The Digital Euro Will Include Privacy Protections According to European Finance Ministers

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Despite the fact that the new digital euro would provide better privacy for smaller transactions, officials from the currency union acknowledged at a meeting of finance ministers on Monday that it will not provide complete anonymity.

Although no formal decision has yet been made on whether to issue the central bank digital currency (CBDC), the EU is already considering how to link payment innovations to anti-money laundering regulations, both for the digital euro and private cryptocurrencies such as bitcoin, which are currently under consideration.

The Statement of Ireland’s Finance Minister

Paschal Donohoe, Ireland’s finance minister, told reporters that ministers have agreed that any new structure for the euro should “accommodate privacy concerns,” but that new restrictions would also be in place to “counteract the use of digital euros for inappropriate objectives.”

“A risk-based approach may be used, allowing for more privacy for less hazardous and smaller transactions and vice versa,” said Donohoe, who serves as the head of the Eurogroup, a group of ministers that meet on a regular basis.

He argued that offline payments for low-value payments made between people who are physically close to one another, such as in stores and between friends, would assist those who have been cut off from the financial system. He was referring to recent proposals made by Fabio Panetta, the president of the European Central Bank.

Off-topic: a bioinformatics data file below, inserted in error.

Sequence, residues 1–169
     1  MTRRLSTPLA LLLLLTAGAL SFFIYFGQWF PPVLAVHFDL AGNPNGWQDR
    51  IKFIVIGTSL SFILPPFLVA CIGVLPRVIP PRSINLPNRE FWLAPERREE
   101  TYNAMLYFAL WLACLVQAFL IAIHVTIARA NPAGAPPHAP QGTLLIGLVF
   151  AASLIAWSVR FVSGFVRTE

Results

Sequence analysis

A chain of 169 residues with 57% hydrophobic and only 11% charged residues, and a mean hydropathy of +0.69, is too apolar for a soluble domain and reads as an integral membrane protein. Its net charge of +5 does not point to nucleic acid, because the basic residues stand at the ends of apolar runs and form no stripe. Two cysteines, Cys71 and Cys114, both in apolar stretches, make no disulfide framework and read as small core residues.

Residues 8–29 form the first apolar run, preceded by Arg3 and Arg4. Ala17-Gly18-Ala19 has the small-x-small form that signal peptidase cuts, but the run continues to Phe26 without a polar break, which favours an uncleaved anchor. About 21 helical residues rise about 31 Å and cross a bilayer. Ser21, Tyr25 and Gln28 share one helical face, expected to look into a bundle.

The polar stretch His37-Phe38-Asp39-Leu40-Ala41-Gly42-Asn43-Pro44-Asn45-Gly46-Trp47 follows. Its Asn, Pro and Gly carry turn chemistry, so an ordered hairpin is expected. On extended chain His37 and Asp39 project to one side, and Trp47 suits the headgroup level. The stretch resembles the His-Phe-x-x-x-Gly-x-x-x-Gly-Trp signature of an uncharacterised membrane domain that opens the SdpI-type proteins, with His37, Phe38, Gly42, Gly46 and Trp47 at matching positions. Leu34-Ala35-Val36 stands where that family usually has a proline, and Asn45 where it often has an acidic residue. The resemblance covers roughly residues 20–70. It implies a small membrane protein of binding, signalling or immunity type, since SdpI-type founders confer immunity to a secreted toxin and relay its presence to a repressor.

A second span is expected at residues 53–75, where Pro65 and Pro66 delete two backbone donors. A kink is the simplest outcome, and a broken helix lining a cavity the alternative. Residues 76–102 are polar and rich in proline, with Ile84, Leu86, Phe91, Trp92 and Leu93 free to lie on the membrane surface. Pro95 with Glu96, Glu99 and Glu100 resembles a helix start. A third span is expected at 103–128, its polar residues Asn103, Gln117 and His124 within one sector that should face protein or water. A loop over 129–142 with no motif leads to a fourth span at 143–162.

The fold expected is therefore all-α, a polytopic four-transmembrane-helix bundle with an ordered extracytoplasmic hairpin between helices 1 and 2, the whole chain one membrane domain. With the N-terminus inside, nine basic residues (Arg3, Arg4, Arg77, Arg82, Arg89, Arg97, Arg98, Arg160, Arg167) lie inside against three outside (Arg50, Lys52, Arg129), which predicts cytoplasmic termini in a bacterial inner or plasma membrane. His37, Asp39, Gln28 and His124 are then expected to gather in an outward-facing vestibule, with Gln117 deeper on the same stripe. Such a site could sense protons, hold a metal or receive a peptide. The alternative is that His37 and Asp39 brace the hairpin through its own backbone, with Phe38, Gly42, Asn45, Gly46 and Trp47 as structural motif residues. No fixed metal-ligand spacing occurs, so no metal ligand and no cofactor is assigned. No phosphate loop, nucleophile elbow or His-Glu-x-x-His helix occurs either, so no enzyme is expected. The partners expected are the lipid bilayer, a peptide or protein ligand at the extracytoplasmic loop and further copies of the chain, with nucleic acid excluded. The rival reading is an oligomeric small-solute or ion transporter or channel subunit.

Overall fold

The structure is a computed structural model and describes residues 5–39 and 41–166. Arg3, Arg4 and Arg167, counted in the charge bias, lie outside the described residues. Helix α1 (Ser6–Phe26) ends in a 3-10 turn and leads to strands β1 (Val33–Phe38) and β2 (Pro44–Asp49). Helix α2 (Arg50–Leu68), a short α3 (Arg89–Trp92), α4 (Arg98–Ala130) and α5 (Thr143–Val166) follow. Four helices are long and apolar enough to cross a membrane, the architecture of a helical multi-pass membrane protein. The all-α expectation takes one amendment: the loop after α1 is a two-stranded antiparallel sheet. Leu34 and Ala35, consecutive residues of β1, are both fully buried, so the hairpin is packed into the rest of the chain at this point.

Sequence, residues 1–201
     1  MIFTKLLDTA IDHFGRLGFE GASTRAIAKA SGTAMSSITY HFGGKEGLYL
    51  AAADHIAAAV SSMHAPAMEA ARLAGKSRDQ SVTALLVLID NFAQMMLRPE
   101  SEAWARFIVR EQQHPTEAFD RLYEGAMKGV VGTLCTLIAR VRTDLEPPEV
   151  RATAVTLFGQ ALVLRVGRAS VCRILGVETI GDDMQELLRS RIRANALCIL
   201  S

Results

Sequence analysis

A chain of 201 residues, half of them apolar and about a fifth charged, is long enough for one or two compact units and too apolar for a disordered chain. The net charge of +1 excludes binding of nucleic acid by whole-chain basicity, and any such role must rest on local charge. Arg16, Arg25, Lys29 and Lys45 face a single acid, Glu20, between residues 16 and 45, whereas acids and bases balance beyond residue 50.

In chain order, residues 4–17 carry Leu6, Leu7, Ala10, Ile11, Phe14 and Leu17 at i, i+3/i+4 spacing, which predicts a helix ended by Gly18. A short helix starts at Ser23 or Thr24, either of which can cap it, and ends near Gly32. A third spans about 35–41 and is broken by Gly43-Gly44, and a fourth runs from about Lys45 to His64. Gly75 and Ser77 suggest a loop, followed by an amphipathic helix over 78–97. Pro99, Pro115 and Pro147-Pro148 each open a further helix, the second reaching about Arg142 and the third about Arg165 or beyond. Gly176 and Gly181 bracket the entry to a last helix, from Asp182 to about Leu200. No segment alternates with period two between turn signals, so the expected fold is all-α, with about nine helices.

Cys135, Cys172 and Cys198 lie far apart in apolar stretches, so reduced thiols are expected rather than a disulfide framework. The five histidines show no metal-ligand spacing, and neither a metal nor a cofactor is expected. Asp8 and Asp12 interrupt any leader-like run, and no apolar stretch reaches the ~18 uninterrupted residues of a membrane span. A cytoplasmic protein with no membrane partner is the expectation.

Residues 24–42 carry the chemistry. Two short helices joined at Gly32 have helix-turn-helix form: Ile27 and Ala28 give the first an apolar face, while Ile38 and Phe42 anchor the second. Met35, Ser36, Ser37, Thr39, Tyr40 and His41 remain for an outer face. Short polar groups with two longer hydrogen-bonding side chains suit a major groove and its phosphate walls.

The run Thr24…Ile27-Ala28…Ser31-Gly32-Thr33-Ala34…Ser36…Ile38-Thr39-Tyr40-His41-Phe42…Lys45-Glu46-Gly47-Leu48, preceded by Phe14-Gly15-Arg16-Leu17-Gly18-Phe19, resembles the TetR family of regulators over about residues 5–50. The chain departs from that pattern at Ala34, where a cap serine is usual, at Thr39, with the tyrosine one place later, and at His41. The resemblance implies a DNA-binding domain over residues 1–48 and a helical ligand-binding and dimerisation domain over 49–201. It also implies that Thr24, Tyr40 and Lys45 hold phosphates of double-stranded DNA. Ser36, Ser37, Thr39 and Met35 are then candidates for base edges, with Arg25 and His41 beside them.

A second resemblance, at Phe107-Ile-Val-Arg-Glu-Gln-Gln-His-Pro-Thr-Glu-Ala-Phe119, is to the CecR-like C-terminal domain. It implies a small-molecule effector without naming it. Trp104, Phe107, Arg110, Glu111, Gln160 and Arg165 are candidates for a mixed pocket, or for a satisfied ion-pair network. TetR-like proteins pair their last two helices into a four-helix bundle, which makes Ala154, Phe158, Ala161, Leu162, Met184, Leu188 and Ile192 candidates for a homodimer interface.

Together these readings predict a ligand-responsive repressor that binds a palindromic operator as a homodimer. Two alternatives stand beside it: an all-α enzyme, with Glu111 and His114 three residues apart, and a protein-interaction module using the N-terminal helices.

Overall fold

It is expected that the European Commission will soon publish a consultation on any legislation that may be required to support the new digital euro, but it has been warned that an overly centralized system could serve as a “honeypot” of information for spies and result in troubling mass surveillance.

European Central Bank Frankfurt
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A Digital Euro with complete anonymity is not wanted

“A digital euro that is entirely anonymous is not desired,” Paolo Gentiloni, the European Commission’s chief economist, told reporters.

After much debate, the European Parliament last week decided on contentious new anti-money laundering laws that will force anybody participating in even small-value transfers of cryptocurrencies such as bitcoin to be identified and sanctioned. Many in the business have voiced fear that the restrictions would infringe on their privacy and hamper innovation, and the European Commission shared their concerns.